Microencapsulated OA and EO, alone or mixed, as feed additive in broiler chickens improved performances and gut microflora , reduced intestinal and fecal pathogenic microbial counts , lowered the pH in stomach , destroyed the cell membrane of pathogens or inhibited their growth , improving the activity of digestive enzymes, pancreatic secretion and changed the gut morphology in terms of villus height and crypt depth in small intestine . It is clear that the supplementation of diet with OA together with EO improved the performance of pigs and broiler chickens, as reported in many study [17,23,24]. Then, combinations of organic acids with essential oils can potentially provide a possible synergistic effect in antimicrobial action . Nevertheless, there is a need to improve the number of studies about the effects of antibiotic replacement with OA and EO to modulate the intestinal health in broiler chickens with a focus on gut morphology modifications. The experimental hypothesis was testing if organic acids and essential oils supplementation would improve chicken growth performances and favorably change gut structure and microbial counts due to its antimicrobial role. The goal of this study was then to evaluate a blend of OA and EO microencapsulated as a feed additive on growth performance, epithelial restitution and intestinal microflora in broiler chickens.
2. Materials and Methods
2.1. Experimental Design, Animals and Diets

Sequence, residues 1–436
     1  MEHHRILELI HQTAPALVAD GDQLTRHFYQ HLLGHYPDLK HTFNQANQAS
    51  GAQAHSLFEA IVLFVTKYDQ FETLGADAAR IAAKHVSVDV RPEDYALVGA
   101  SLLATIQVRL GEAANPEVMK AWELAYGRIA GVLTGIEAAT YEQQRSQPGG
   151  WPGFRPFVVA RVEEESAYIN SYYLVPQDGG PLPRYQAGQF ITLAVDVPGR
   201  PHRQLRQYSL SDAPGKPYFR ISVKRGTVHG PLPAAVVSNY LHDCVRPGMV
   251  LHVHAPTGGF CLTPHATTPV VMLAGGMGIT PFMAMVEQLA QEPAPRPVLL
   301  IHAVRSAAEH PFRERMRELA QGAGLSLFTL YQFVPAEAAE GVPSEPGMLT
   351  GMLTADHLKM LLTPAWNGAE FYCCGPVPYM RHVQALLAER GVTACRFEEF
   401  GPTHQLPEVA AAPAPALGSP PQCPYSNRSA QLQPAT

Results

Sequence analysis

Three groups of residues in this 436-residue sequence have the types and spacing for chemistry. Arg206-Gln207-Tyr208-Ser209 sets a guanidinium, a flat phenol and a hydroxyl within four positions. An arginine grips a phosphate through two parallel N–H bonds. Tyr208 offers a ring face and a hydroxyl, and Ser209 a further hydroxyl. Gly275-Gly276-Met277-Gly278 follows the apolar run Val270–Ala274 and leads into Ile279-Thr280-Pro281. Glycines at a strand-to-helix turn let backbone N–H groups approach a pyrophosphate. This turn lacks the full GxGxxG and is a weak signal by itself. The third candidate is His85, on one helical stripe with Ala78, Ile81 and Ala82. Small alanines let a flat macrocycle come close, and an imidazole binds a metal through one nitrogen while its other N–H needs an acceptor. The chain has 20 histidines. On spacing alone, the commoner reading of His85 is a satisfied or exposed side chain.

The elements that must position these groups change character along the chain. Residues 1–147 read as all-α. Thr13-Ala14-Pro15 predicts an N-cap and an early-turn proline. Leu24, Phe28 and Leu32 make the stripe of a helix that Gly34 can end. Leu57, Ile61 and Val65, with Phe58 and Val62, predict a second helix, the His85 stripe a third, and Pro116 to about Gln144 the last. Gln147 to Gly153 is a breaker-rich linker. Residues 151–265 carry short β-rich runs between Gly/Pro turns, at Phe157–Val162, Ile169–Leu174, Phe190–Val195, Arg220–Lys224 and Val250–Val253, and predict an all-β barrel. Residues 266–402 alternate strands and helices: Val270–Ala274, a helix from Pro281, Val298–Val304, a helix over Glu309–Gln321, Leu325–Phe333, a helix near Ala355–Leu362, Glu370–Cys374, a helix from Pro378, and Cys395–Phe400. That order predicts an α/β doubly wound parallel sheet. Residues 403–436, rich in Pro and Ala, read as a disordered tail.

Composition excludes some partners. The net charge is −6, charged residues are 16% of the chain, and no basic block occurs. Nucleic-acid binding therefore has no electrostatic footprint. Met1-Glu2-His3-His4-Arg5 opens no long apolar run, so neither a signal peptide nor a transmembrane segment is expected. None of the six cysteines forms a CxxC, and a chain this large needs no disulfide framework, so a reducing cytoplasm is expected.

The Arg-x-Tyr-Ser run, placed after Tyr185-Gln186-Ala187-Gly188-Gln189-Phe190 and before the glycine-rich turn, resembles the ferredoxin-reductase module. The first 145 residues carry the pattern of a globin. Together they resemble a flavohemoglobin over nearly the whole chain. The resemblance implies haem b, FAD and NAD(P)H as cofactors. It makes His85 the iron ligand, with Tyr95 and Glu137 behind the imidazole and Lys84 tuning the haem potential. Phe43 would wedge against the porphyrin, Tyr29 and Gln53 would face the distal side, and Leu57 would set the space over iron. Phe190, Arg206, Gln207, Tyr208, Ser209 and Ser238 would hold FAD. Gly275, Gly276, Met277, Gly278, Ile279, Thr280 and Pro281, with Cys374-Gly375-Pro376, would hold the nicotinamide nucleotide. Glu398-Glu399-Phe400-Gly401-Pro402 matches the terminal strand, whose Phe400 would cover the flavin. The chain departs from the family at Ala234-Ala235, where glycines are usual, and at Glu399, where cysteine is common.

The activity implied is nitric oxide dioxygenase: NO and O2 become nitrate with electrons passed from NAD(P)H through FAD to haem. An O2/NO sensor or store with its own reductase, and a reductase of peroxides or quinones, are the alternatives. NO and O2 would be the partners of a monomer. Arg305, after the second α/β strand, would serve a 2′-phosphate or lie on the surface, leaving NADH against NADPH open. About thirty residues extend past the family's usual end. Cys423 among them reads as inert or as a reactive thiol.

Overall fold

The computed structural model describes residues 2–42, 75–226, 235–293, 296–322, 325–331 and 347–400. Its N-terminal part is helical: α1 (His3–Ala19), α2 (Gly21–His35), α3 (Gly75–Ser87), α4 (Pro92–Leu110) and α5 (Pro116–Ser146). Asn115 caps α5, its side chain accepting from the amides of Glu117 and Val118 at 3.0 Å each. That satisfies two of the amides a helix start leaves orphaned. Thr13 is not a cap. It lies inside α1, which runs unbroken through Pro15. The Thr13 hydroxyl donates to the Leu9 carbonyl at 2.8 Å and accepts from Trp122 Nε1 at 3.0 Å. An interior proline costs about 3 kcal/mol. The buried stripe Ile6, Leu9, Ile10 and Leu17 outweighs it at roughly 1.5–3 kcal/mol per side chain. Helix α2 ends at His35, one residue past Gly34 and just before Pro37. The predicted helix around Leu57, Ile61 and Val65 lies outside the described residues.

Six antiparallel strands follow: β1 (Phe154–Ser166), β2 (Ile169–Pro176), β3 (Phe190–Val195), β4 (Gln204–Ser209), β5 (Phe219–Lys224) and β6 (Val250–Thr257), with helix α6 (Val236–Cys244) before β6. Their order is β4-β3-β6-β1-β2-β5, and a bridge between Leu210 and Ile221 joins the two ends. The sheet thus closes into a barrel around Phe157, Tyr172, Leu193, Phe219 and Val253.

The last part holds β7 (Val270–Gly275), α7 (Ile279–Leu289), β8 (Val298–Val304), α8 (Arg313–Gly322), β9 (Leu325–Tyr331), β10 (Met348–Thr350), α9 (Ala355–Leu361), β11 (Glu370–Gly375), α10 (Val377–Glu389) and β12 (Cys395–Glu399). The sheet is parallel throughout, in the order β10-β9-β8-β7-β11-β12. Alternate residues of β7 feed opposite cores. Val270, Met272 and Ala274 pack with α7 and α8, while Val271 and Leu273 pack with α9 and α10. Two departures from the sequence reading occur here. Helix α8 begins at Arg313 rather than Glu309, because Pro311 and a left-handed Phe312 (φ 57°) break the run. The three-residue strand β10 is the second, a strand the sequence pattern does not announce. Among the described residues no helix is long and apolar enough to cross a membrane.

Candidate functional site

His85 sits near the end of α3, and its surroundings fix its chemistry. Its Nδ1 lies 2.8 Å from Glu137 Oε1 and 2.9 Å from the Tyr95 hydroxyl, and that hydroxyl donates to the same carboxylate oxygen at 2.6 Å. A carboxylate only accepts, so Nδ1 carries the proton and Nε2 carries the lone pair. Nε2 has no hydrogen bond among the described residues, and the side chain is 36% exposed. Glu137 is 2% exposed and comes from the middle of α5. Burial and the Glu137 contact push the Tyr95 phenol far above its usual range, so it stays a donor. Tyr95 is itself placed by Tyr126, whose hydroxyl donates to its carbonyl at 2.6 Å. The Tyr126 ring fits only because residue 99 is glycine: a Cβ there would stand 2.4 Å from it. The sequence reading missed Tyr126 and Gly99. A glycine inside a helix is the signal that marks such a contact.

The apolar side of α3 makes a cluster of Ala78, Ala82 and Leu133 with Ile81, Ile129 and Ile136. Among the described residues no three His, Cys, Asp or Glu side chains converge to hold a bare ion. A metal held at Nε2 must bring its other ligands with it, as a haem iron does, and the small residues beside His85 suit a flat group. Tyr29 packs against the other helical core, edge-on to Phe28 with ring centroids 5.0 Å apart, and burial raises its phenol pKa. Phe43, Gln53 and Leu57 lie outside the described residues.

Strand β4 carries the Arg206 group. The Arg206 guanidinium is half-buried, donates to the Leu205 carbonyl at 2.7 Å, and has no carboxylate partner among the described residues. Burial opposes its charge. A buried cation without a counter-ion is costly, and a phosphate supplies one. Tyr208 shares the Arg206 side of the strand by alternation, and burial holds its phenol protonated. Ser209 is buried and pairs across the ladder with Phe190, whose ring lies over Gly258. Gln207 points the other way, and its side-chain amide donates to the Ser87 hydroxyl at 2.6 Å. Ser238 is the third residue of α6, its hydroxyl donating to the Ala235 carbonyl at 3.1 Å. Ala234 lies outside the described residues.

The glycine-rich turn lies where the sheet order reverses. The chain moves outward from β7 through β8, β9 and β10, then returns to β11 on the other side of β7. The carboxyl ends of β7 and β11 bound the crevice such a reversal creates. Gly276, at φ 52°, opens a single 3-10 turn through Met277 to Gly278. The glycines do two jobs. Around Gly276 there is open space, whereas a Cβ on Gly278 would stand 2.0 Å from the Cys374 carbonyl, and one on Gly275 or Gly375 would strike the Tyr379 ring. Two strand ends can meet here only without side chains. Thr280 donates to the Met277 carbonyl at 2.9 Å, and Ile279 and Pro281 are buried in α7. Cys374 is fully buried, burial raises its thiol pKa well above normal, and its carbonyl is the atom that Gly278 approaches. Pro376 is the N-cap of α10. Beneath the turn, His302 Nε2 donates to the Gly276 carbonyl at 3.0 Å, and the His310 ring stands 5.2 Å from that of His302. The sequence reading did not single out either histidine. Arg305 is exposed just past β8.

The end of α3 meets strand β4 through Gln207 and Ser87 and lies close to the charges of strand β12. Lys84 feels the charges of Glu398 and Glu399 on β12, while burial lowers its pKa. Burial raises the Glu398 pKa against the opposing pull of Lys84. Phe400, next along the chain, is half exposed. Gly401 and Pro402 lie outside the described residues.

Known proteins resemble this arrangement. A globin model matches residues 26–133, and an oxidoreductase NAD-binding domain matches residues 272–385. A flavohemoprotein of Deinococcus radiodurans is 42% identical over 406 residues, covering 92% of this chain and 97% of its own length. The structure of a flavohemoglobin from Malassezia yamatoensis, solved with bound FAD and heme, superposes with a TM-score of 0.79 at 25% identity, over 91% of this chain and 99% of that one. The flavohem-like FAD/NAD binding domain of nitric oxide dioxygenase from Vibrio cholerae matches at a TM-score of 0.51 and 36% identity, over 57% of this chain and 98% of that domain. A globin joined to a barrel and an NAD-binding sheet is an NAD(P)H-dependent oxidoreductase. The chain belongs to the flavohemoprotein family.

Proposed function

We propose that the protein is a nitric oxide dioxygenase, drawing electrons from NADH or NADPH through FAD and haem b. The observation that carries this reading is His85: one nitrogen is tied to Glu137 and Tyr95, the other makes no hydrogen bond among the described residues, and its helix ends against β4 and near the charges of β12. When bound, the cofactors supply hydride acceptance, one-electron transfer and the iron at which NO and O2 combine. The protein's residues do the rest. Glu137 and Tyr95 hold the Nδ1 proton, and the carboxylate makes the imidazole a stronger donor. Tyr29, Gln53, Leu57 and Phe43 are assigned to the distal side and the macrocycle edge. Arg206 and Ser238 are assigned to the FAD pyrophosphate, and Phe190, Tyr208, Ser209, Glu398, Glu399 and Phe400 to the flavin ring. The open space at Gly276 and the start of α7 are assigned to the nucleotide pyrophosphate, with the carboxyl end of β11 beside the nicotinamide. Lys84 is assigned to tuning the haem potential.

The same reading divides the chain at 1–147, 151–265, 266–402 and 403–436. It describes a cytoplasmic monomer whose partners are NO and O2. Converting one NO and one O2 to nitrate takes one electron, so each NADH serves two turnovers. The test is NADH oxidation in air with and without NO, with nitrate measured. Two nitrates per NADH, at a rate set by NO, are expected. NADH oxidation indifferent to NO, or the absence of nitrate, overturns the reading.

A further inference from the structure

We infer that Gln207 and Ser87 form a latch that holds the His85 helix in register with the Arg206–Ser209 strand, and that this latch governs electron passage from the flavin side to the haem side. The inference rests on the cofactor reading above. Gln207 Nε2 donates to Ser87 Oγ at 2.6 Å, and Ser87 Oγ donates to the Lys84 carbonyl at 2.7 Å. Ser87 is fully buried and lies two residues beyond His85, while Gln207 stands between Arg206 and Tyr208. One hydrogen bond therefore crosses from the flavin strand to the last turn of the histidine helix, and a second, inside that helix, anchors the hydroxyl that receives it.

A total of 420 male Ross 308 chicks (1-day-old) from the same hatching were placed in a large shed and were randomly allotted into two treatments with three replicates per treatment (six boxes, 3.5 × 1.5 m) and 70 chicks per replicate. The experimental trial was performed between May and July 2019 according to UE Regulation on using animals for scientific purpose . The dietary treatments were BD (basal diet) and OA&EO (basal diet + 5 g/kg of encapsulated organic acids and natural identical essential oils). The additive used was recognized as improving growth and feed conversion ratio and approved by European Union . It contains organic acids (OA), such as citric (25%, as fed) and sorbic acids (16.7%, as fed), and synthetic essential oils (EO), such as thymol (1.7%, as fed) and vanillin (1%, as fed), and is protected by a matrix coating with a lipid base . Chicks were reared on a comminuted straw-litter and water and feed were automatically supplied ad libitum throughout the experiment by nipples drinkers and plastic feeders. Chicks were vaccinated against Infection Bursal Disease Virus (IBVD) and Infectious Bronchitis (IB) (793b, H120), Marek’s diseases in the hatchery. A coccidiostat (nicarbazin, 40 ppm, and Narasin, 50 ppm) was added to the feeds. No antibiotics were added to diets and water during the trial. They were fed according to a four-phase feeding program with a changed composition through different phases: starter (0–12 d), grower 1 (12–26 d), grower 2 (26–35 d) and finisher (35–47 d), as reported in the Table 1. The composition of nutrients of each basal diet was planned to satisfy nutritional requirements of chicks according to National Research Council .